SportStrata (N.Y.) mental performance coach Ben Oliva offers eight tips.

By Dan Guttenplan, FNF Coaches Managing Editor

A team that is focused from the opening kickoff to the final whistle has the best chance of maximizing the time it spends training in the weight room and on the field.

SportStrata (N.Y.) mental performance coach Ben Oliva offers eight tips for coaches who are looking to maximize their players’ mental performance.

Goal setting: Focus on process rather than outcome. When coaches are setting goals for the team during the preseason, it’s important to focus on the steps the players will need to take to achieve a particular outcome. “Break down the process of what will lead to those team goals,” Oliva said. “Show up on time, make sure you know the playbook, run crisp routes, communicate on the field.”

Game plan: Set expectations while introducing the game plan. Don’t try to spin every matchup as a positive. “One common mistake I see coaches make is that – by trying to be positive and boost guys up – they end up talking their players into thinking the other team is not that good. While it’s helpful to boost egos and help them feel prepared, you want to set the expectation that the other team is extremely talented.”

Film review: Mix positive and negative feedback. Don’t allow the outcome of the game to influence how much positive or negative feedback you provide the players. Every game – even lopsided outcomes – will offer opportunities to emphasize positives and areas for improvement. “The better the player, the more you can lean toward critical feedback. For the players on the back of the roster, it might be smart to emphasize positive plays.”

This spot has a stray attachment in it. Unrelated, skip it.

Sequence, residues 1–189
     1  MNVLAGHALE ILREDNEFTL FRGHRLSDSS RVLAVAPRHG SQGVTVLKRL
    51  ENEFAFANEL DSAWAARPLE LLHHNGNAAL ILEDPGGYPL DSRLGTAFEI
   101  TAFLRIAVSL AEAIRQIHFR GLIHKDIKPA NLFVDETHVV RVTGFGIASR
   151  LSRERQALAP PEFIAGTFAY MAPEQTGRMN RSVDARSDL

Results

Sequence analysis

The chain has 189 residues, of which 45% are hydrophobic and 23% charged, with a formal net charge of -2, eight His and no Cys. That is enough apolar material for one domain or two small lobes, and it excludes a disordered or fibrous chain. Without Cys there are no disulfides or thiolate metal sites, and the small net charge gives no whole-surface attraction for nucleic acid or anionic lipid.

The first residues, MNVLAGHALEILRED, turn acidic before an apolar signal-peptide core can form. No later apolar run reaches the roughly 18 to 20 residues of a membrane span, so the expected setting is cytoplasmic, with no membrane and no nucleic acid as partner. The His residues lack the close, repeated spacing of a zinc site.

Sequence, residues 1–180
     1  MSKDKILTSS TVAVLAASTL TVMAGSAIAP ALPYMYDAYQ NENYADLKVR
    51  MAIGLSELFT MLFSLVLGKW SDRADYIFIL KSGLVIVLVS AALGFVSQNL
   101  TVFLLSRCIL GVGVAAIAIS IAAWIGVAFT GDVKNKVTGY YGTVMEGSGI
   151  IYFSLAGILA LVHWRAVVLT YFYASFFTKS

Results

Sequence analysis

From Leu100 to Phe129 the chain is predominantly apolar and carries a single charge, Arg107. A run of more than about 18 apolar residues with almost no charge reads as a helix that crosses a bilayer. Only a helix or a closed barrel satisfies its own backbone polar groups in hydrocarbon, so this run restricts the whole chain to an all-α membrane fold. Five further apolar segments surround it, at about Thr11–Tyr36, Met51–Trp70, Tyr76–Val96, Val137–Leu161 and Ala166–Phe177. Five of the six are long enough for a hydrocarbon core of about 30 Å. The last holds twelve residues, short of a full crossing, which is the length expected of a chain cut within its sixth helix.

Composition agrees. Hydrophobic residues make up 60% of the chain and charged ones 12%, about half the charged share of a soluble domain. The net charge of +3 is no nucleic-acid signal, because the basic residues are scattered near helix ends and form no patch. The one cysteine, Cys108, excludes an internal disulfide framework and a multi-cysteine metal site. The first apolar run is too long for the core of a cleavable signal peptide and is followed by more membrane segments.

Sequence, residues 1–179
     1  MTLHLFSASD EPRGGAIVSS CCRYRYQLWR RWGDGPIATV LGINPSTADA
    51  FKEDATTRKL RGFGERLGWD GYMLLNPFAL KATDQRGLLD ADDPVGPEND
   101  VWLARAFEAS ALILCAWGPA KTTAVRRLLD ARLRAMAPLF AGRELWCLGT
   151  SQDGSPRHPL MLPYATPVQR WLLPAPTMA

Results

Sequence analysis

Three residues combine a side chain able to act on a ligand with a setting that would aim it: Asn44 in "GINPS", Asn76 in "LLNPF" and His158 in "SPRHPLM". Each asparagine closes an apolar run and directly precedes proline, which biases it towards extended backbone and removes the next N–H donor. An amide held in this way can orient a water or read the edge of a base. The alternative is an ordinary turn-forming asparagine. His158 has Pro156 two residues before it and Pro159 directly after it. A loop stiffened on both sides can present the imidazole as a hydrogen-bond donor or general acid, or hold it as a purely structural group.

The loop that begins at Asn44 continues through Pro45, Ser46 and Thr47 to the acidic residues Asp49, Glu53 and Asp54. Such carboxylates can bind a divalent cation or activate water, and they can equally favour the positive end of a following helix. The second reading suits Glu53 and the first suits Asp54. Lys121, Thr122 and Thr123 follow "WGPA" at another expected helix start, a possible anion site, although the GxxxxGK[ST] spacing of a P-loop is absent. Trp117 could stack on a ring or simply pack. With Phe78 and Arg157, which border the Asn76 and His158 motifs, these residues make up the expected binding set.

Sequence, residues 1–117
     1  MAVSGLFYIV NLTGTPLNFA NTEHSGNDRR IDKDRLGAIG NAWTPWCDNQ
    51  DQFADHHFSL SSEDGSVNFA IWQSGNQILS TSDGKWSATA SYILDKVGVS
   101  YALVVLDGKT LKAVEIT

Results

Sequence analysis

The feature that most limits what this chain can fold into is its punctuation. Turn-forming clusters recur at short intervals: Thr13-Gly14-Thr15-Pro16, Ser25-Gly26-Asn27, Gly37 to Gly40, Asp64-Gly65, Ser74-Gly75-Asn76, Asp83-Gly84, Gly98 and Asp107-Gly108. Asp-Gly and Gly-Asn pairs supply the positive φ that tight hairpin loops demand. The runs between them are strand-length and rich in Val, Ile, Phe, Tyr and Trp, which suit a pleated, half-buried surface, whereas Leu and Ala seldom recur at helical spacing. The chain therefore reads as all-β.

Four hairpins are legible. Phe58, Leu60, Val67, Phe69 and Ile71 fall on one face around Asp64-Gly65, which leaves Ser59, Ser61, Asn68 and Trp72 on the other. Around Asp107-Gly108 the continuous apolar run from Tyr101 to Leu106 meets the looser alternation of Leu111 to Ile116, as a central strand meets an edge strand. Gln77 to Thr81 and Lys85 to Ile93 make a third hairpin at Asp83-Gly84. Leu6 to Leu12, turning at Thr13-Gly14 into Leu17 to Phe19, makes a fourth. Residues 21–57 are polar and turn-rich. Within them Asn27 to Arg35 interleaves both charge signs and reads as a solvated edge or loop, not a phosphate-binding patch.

Pregame: Go through a mental rehearsal. Oliva is quick to note a mental rehearsal is not the same as visualization. “If you can bring all of the senses into the experience, it will be more effective. First, you should mentally rehearse the way you want things to go in a realistic way. What would you see? What would you hear? How would it feel?”

Rehearsal: Contingency planning. If you only rehearse positive moments, you won’t be prepared when your team experiences adversity. “All football teams have predictable challenges. You might go for it on fourth down and not get it. People are reluctant to mentally rehearse those moments. How will they respond when it happens? By going on the sideline and sulking? Or being supportive of the defense and keeping the energy up?

Mindfulness strategies: Breathing and body language. A player can positively impact his teammates by maintaining a powerful posture and remaining calm through deep breathing. “You can practice using the power of deep breaths to calm yourself and focus in high-pressure situations. Emphasize one thing that you have control over, which is body language. If you stand in a confident way, your hormones are affected by that powerful position.”

Mindfulness strategies: Self-massaging. Be mindful that your inner voice is helping your performance rather than hindering it. “When you make a mistake, it’s natural to say, ‘You suck,’ and find negative ways to respond to your inner critic. It can be helpful in terms of turning around a negative pattern to flip the negativity. Adaptive self-talk can be helpful to performance.”

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About the author

Dan Guttenplan